The Difference Between Stereo and Mono Formats
Looking at the waveform on any of your editing software you will notice that the audio either has a single waveform or two waveforms. The single one is a mono track while the two channeled one is a stereo.
Here is what these two files will look like when imported into Audacity. A is a mono audio file and B is a stereo audio file. When played back, experienced audio engineers, as well as some regular listeners, will be able to notice the difference between the two right away. The average listener may not be able to put their finger on it, but the difference is usually audible.
In this article, we will look at the process of converting a mono audio file to stereo. You can also check out our article on stereo to mono conversion in Audacity which details the process the other way around.
Converting Mono To Stereo in Audacity
Go ahead and launch Audacity, then import the audio file using Ctrl + Shift + I keyboard shortcut or click File. Next, click on import and then click on Audio.
Your opened file should have one channel just like the one shown in the screenshot below. Remember, you don’t always have to open a file in audacity and see the waveform to know that it is either a mono or stereo, you can often just listen to it and tell right away.
Check the panel on the left for the file information.
Next, select your file. You can double-click on the audio wave or click on the file information panel on the left of your screen as highlighted below.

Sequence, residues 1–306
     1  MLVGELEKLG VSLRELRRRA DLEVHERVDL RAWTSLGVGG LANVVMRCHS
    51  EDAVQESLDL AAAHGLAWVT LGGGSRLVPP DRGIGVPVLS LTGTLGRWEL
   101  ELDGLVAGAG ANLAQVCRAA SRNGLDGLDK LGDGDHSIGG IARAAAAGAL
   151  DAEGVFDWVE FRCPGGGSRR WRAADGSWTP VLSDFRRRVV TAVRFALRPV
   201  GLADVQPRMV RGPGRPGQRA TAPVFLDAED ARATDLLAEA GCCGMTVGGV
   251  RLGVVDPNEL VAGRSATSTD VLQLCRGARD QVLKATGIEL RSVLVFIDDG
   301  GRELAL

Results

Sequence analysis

Another way is the use of the keyboard shortcut Ctrl + A or clicking on the select button on the track information panel to the left.
Once the file is selected, go over to edit on the menu tab. On the dropdown, select Duplicate. Alternatively, you can use the shortcut keys Ctrl + D.
You will then have two audio waves. Duplicating the audio means creating a second identical waveform.
Note that these are two mono audio files hence they need to be merged into one stereo format file. Check the information panel and you will notice two pieces of information for each file.
To combine the two press Ctrl + A to select all the files. Next click on the arrow in the file information panel as highlighted below. (Do this for the audio waveform on top as this option will be greyed out in the option below.) In the dropdown options click on Make Stereo Track to merge the two.
Once you select that option, both files will be combined into a single audio file with two channels. Compare the information and appearance in the information panel before and after the merger. You will now notice that the audio file has changed to stereo.
You can also check if the audio is stereo by trying to do any edits on the file. Since Audacity recognizes the file as stereo, all functions will be applied to both channels. Whether you select the file or trim a part of it, whatever you do applies to both channels as it is a singular merged file now.
To put this to the test, here is an instance where I will try and delete a part of the audio file. First I select the part of the audio which I want to remove. The selected bit has bits of silence and also some unnecessary parts.